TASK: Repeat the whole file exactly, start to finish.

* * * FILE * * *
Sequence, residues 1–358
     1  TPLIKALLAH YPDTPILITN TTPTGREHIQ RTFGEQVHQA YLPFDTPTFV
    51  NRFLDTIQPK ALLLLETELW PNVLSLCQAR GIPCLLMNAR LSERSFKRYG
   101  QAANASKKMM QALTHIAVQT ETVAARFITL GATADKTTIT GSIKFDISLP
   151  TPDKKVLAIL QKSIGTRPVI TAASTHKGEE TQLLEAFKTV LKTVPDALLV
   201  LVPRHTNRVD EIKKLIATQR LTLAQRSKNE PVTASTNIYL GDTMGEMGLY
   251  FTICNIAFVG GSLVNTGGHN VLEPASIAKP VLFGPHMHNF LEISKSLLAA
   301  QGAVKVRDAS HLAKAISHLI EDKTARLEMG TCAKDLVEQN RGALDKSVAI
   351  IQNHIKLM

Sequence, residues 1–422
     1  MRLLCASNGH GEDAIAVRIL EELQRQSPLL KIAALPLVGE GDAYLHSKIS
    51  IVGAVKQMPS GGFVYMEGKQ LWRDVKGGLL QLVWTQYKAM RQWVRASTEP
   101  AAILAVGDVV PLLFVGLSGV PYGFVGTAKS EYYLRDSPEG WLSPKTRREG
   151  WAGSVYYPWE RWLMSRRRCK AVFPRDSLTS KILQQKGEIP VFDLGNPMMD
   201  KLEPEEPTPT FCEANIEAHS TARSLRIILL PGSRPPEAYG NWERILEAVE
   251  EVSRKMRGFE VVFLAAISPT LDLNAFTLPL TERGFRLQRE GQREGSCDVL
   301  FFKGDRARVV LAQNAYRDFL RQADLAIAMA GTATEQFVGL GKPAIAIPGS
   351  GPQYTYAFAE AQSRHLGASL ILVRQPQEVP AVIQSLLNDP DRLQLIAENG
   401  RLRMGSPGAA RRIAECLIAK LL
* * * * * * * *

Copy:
Sequence, residues 1–358
     1  TPLIKALLAH YPDTPILITN TTPTGREHIQ RTFGEQVHQA YLPFDTPTFV
    51  NRFLDTIQPK ALLLLETELW PNVLSLCQAR GIPCLLMNAR LSERSFKRYG
   101  QAANASKKMM QALTHIAVQT ETVAARFITL GATADKTTIT GSIKFDISLP
   151  TPDKKVLAIL QKSIGTRPVI TAASTHKGEE TQLLEAFKTV LKTVPDALLV
   201  LVPRHTNRVD EIKKLIATQR LTLAQRSKNE PVTASTNIYL GDTMGEMGLY
   251  FTICNIAFVG GSLVNTGGHN VLEPASIAKP VLFGPHMHNF LEISKSLLAA
   301  QGAVKVRDAS HLAKAISHLI EDKTARLEMG TCAKDLVEQN RGALDKSVAI
   351  IQNHIKLM

Sequence, residues 1–422
     1  MRLLCASNGH GEDAIAVRIL EELQRQSPLL KIAALPLVGE GDAYLHSKIS
    51  IVGAVKQMPS GGFVYMEGKQ LWRDVKGGLL QLVWTQYKAM RQWVRASTEP
   101  AAILAVGDVV PLLFVGLSGV PYGFVGTAKS EYYLRDSPEG WLSPKTRREG
   151  WAGSVYYPWE RWLMSRRRCK AVFPRDSLTS KILQQKGEIP VFDLGNPMMD
   201  KLEPEEPTPT FCEANIEAHS TARSLRIILL PGSRPPEAYG NWERILEAVE
   251  EVSRKMRGFE VVFLAAISPT LDLNAFTLPL TERGFRLQRE GQREGSCDVL
   301  FFKGDRARVV LAQNAYRDFL RQADLAIAMA GTATEQFVGL GKPAIAIPGS
   351  GPQYTYAFAE AQSRHLGASL ILVRQPQEVP AVIQSLLNDP DRLQLIAENG
   401  RLRMGSPGAA RRIAECLIAK LL